When my daughter was younger, decorating at Easter consisted of me boiling a few eggs and letting my kiddo cover them with stickers, or paint them with washable watercolours. Later on, I broke out the glue and tissue paper. More recently, we've been experimenting with traditional dye baths, which are the most fun because when else can you stick your hands into multiple containers filled with colourful concoctions?
It's easier than you might think to decorate Easter eggs with your kids. And if you're really concerned about the mess, just grab a dollar store tablecloth or some newspapers and cover the heck out of your work area. Or - if it's mild enough in your part of the world - take the materials outside. Because, kids.
BOIL THE EGGS
Boil some eggs until they are hard (place eggs in boiling water for about 8-10 minutes). Or - if you want to save the eggs - blow them out instead (find out how to do that here).
MAKE THE DYE
This part is super easy. All you need to do is combine the following ingredients in a container and let the mixture cool.
1 cup hot water. I used boiling water from the kettle.
1 teaspoon vinegar. A little more is fine. So is a little less.
10 to 20 drops food colouring. The more you squeeze, the more intense the shade.
Note: If you would rather not use food colouring, check out my all-natural Easter egg dye recipes using cabbage, coffee, turmeric and other ingestible items.
Now it's time to dip!
You can dip once. You can dip twice. You can double dip. You can do a half and half dip. What I'm saying here is that there are no rules.
But, if you want to get fancy, here are three ways to kick things up a notch.
The concept here is simple. Start by making designs on an egg using wax crayons. Then, dip the egg into the dye. That's all there is to it!
To make these funky eggs, start by placing pieces of masking tape randomly on an egg, leaving some areas exposed. If you want to get super fancy, you can cut designs out of the tape using an X-Acto blade. Because my daughter is six, we just tore bits of tape off the roll and stuck them onto the egg.
Dip the egg into a dye bath.
Remove the egg, let it dry and peel away the tape.
Add more tape and dip into a second colour.
Again, let the egg dry and remove the tape.
Continue until you are happy with the results.
This technique is best left until you are finished decorating since you will be adding 1 tablespoon of olive oil to your dye baths. The oil will cause the egg to repel some of the colour as you dip, thus creating a marble effect. You can begin with a blank egg (which is what my daughter and I did), or you can start by dipping the egg in an oil-free dye bath to achieve a base colour. Dip the egg into a couple of different colours to see what you end up with.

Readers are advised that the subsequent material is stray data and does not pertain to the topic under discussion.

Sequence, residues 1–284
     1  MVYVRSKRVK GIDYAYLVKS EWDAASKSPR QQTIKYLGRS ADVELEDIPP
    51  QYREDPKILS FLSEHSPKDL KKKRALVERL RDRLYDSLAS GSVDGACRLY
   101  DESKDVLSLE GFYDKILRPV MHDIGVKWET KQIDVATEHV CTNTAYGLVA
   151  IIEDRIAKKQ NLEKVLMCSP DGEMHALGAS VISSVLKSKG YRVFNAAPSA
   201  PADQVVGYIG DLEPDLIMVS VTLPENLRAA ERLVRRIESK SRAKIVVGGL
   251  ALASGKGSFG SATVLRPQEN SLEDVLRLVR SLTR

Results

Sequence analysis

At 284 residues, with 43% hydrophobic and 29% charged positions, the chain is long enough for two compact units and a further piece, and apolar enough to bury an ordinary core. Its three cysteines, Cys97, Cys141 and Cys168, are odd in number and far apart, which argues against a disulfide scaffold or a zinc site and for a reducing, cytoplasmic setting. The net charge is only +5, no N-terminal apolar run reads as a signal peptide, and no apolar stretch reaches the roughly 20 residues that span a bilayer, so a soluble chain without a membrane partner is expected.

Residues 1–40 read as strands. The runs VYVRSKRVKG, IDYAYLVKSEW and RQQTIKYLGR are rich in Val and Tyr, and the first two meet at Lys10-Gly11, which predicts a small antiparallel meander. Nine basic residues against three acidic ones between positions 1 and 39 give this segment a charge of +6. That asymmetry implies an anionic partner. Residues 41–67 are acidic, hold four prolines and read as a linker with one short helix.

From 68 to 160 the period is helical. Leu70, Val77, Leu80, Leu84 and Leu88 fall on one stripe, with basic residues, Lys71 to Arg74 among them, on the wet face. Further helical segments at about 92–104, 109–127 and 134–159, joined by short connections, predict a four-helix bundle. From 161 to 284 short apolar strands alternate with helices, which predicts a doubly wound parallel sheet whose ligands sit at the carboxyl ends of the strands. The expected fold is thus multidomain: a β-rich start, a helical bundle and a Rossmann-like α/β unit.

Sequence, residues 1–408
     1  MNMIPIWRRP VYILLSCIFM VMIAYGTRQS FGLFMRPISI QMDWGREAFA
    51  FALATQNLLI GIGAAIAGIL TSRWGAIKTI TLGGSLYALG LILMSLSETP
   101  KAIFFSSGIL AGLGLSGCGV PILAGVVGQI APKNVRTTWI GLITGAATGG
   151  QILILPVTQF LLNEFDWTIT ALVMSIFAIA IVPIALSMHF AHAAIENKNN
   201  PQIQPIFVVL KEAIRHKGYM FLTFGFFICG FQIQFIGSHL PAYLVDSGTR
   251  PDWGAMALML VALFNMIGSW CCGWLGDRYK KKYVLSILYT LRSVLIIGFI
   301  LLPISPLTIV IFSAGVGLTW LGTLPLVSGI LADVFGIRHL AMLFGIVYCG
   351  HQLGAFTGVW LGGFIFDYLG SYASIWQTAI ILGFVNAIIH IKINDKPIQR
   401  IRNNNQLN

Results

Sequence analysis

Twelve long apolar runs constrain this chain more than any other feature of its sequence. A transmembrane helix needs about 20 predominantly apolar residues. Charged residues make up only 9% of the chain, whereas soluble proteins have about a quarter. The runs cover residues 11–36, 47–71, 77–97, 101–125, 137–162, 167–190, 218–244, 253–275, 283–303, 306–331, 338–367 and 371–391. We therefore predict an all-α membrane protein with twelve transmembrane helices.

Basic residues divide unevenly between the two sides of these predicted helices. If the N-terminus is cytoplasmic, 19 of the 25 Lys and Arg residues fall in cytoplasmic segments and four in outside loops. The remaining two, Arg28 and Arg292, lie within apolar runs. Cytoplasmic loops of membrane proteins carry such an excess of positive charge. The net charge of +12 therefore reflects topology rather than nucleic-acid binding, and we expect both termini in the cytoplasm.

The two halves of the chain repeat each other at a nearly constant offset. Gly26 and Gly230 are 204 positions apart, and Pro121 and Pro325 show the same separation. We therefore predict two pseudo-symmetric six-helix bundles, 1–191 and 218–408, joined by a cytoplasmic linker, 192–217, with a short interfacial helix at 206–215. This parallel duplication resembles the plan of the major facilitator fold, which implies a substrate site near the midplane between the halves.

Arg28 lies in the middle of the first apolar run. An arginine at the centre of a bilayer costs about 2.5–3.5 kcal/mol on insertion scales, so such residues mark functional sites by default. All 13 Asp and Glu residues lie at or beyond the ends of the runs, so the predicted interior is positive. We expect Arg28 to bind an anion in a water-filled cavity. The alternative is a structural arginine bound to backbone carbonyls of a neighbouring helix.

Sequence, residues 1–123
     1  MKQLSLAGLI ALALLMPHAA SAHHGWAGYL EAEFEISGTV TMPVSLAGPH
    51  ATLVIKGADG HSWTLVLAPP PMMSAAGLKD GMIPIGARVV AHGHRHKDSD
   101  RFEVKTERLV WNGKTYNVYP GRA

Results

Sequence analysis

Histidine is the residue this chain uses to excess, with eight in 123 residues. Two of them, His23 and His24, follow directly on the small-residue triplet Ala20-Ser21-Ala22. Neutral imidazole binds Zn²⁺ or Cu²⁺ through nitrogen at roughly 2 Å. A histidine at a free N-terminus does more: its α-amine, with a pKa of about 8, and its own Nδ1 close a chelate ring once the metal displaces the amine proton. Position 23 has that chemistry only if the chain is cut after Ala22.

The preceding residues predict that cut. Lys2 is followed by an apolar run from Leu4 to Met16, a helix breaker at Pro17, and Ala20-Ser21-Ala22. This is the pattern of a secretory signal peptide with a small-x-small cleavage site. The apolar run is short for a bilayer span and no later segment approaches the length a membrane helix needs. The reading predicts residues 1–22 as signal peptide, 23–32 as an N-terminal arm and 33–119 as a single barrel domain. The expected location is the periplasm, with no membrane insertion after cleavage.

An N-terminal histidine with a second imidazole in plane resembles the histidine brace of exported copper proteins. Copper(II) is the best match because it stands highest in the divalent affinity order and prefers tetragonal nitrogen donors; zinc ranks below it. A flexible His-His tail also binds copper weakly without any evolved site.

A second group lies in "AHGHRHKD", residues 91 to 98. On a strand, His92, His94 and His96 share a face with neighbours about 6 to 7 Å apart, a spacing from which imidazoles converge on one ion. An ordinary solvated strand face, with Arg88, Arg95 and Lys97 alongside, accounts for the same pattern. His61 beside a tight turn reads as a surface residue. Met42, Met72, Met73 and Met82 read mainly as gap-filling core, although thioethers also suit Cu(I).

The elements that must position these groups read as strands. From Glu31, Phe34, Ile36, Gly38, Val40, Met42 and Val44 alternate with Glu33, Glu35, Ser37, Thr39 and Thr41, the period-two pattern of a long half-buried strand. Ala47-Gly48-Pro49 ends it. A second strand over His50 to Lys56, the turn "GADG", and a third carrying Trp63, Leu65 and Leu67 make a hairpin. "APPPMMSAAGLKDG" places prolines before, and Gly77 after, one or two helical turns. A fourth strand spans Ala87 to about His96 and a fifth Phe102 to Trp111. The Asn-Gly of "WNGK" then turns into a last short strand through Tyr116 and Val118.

If you are looking for more Easter decorating ideas, don't miss this terrific round up from our YMC bloggers.
Whether you're thinking about starting seeds for an outdoor garden, a mini-garden for your window ledge, or a container garden for your patio, you will need lots (and lots) of pots. And while it's true that you could use containers you pick up - as is - from the garden centre, decorating and personalizing your own vessels can be so much more rewarding. And fun... especially for children.
To get started, simply gather terra cotta pots, a small container of drywall compound*, some glass gems from the dollar store, seashells, beach glass and/or broken dishes. (If you are going to use broken dishes, safely smash them into smaller pieces by placing them in a plastic grocery bag, wrapping them in an old towel and whacking the heck out of them with a hammer (while wearing safety glasses). If the edges are sharp, sand them down with a medium grit sandpaper.)
Begin by slathering a thick layer of drywall compound onto the pot with a craft stick. Do this one small section (half the pot at the most) at a time rather than covering the entire surface at once. This is so easy, kids can do it on their own without much supervision. (Note: You can colour the drywall compound by mixing it with some tempera paint. Some may be concerned with kids using drywall compound while crafting. However, since you won't be sanding the compound once dry, no dust will be inhaled and so it is perfectly safe, as long as kids don't consume the product! Also, when I say drywall compound, I don't mean Polyfilla (it dries too quickly) I mean wallboard joint compound.)
Then, start sticking the shells, beach glass, gems, etc. into the wet compound.
Continue until the pot is full of decorations.
Let everything dry and that's all there is to it! Talk about a great activity for kids.
Now, about those seeds...
But before I begin, I have a confession to make.
I am not a gardener.
As a result, any and all plants that survive in my presence do so in spite of my efforts, not because of them.
I come from a long line of plant killers. I clearly remember the twisted pile of gnarled Chrysanthemum roots stacked up in the corner of our backyard. It was in this spot that Mother’s Day gifts went to die. Without dignity. Years later, I discovered that in order to keep houseplants alive, you need to place them in sunlight. And give them water.
Like I said, I am not a gardener.
So it was with a giant leap of faith that I procured some vegetable seeds and decided to experiment with germination in an effort to teach my daughter how plants grow.